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May Free Report: [Plastic Pollution in Africa: an urgent call to action]

by Obadare Adenekan | 01-09-2023 03:59 recommendations 0

 Plastic Pollution: a call to urgent action in Africa

Plastic pollution is one of the most pressing environmental challenges of our time. It affects the health and well-being of millions of people, animals and ecosystems around the world. Plastic pollution is especially severe in Africa, where rapid population growth, urbanization, industrialization and poor waste management practices have led to a surge of plastic waste in the continent's rivers, lakes, coastlines and oceans.

According to a study published in the journal Science, Africa is projected to be the second-largest contributor to global plastic waste by 2025, after Asia. The study estimates that Africa will generate 4.4 million tonnes of mismanaged plastic waste per year, of which 0.9 million tonnes will end up in the ocean. This poses a serious threat to the rich biodiversity and ecosystem services that Africa's aquatic habitats provide, such as food security, tourism, recreation and climate regulation.

Plastic pollution also has negative impacts on human health in Africa. Plastic waste can contaminate freshwater sources, such as rivers, lakes and groundwater, which are essential for drinking, irrigation and sanitation. Plastic waste can also harbor pathogens, such as bacteria and viruses, that can cause diseases such as cholera, typhoid and hepatitis. Moreover, plastic waste can leach toxic chemicals, such as bisphenol A (BPA) and phthalates, that can disrupt the endocrine system and cause reproductive disorders, cancers and neurological problems.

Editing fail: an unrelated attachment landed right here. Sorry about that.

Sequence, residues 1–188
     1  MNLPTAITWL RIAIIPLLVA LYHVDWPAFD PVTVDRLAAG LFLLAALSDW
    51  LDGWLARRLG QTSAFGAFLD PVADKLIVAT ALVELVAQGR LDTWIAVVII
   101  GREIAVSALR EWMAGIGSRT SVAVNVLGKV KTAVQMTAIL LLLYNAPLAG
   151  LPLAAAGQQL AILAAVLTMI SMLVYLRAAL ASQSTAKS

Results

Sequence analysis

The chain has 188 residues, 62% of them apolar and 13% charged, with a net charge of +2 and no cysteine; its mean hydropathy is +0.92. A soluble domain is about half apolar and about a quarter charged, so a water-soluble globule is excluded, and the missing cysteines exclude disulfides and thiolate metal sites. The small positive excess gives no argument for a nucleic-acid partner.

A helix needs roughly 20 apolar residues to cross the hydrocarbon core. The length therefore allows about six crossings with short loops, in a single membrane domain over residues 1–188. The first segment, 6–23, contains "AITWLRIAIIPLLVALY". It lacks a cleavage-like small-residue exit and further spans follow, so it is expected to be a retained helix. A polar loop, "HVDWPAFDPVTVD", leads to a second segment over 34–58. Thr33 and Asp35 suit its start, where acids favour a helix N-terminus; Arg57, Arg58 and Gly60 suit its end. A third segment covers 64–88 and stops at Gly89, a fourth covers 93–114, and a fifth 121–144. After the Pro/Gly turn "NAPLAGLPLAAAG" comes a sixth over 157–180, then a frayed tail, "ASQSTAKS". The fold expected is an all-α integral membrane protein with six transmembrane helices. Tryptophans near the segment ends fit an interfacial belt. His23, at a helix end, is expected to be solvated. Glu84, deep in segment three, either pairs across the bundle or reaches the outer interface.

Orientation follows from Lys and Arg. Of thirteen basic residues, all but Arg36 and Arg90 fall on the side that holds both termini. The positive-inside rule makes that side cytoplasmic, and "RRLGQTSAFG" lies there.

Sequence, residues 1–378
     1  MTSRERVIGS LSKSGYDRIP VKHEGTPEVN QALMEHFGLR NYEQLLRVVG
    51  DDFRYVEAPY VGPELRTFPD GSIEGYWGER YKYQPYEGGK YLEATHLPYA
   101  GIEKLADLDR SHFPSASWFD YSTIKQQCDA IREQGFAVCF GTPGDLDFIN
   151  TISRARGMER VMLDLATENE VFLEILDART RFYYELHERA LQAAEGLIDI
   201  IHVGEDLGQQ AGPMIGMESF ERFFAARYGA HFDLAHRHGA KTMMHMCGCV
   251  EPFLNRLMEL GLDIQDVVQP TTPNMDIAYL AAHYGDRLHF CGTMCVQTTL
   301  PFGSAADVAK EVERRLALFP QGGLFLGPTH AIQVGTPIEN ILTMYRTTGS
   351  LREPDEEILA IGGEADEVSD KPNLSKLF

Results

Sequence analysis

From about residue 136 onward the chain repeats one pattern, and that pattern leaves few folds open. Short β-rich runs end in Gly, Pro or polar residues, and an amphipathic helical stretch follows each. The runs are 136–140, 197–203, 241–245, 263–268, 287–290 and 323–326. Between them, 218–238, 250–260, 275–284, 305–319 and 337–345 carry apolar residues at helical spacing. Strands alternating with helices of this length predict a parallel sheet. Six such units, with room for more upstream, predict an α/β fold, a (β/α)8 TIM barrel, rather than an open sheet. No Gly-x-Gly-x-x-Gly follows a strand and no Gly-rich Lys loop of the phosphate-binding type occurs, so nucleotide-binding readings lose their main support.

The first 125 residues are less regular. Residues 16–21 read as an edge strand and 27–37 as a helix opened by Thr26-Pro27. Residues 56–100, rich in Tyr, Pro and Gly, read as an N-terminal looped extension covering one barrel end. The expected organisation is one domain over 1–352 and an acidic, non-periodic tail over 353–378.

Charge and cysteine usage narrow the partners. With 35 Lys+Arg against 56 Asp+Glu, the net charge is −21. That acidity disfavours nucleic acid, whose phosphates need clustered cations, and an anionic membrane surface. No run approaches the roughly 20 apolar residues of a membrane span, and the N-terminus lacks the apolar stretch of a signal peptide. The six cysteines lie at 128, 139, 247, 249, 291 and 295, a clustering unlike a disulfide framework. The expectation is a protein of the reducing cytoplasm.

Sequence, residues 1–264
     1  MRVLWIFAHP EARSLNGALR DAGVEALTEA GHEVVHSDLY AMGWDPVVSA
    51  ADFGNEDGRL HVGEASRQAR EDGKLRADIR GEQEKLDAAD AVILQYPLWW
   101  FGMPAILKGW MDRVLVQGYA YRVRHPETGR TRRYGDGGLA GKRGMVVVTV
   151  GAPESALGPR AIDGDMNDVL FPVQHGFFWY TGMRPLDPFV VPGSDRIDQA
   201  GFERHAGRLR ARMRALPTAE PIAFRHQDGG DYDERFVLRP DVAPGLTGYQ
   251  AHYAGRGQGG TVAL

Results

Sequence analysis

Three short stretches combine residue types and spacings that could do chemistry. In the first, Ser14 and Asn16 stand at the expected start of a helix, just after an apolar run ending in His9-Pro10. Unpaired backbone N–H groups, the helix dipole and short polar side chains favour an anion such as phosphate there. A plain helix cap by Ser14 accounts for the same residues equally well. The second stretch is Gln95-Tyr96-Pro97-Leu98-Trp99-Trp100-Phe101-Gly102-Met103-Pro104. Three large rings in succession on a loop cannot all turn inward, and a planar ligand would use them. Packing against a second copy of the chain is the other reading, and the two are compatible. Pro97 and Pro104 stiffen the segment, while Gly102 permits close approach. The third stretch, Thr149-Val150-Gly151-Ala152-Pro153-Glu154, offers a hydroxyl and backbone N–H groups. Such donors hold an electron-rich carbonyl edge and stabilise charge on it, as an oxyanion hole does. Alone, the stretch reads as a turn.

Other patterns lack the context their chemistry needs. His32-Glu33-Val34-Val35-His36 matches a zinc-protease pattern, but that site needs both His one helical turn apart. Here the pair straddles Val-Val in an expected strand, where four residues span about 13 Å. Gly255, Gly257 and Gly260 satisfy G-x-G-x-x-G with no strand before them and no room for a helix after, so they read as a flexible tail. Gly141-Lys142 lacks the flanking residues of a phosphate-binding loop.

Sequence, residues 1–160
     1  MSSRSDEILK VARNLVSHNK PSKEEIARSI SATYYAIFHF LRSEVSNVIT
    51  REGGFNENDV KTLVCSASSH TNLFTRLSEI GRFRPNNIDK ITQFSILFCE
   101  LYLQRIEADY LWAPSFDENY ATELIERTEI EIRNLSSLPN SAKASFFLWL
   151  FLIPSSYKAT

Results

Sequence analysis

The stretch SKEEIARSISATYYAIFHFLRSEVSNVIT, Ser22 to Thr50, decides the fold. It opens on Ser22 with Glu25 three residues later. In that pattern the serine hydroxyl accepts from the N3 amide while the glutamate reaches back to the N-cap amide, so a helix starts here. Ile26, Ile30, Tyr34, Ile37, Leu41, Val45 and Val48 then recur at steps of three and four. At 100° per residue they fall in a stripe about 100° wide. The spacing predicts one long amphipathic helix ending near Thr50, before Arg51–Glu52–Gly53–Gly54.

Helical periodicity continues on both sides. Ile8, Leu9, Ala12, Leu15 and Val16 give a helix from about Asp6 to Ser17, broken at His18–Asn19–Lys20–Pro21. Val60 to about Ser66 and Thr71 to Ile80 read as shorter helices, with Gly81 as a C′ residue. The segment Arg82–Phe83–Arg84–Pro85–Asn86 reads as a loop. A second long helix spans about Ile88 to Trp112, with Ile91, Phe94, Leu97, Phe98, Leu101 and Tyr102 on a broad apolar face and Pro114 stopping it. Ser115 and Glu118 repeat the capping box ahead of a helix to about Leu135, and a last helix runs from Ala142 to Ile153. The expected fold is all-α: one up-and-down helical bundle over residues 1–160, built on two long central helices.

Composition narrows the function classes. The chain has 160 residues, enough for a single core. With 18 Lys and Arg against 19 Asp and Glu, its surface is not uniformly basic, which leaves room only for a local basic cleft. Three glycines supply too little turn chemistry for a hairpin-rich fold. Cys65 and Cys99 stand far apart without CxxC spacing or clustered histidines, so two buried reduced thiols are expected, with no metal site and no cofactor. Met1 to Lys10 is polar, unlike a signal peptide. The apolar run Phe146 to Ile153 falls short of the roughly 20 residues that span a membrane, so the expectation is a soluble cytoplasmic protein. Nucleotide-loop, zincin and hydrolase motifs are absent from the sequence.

The plastic pollution crisis in Africa requires urgent action from all stakeholders, including governments, businesses, civil society and individuals. Some of the possible solutions include:

- Implementing bans and restrictions on single-use plastic products, such as bags, bottles, straws and cutlery, that are often used once and then discarded. These products account for a large proportion of plastic waste in Africa and can be easily replaced by reusable or biodegradable alternatives.
- Improving waste management systems and infrastructure in African countries, especially in urban areas where most of the plastic waste is generated. This includes increasing the collection, sorting, recycling and disposal of plastic waste, as well as providing incentives and awareness campaigns to encourage waste reduction and segregation at source¹.
- Promoting circular economy models that aim to minimize the use of virgin plastic materials and maximize the reuse and recycling of existing plastic products. This can reduce the environmental footprint of plastics production and consumption, as well as create new economic opportunities and jobs in the recycling sector.
- Supporting innovation and research on alternative materials and technologies that can reduce the reliance on plastics or mitigate their harmful effects. For example, some African entrepreneurs have developed bioplastics from natural sources such as cassava starch, algae and banana peels. Others have invented devices that can collect or degrade plastic waste in waterways or oceans.

Plastic pollution is not an inevitable consequence of development. It is a solvable problem that requires collective action and responsibility from all sectors of society. By taking bold and decisive steps to address this issue, Africa can protect its environment and people from the scourge of plastic pollution and pave the way for a more sustainable future.


 

Obadare Adenekan

  • Nigeria Former E-gen Ambassador Obadare Adenekan
 
 
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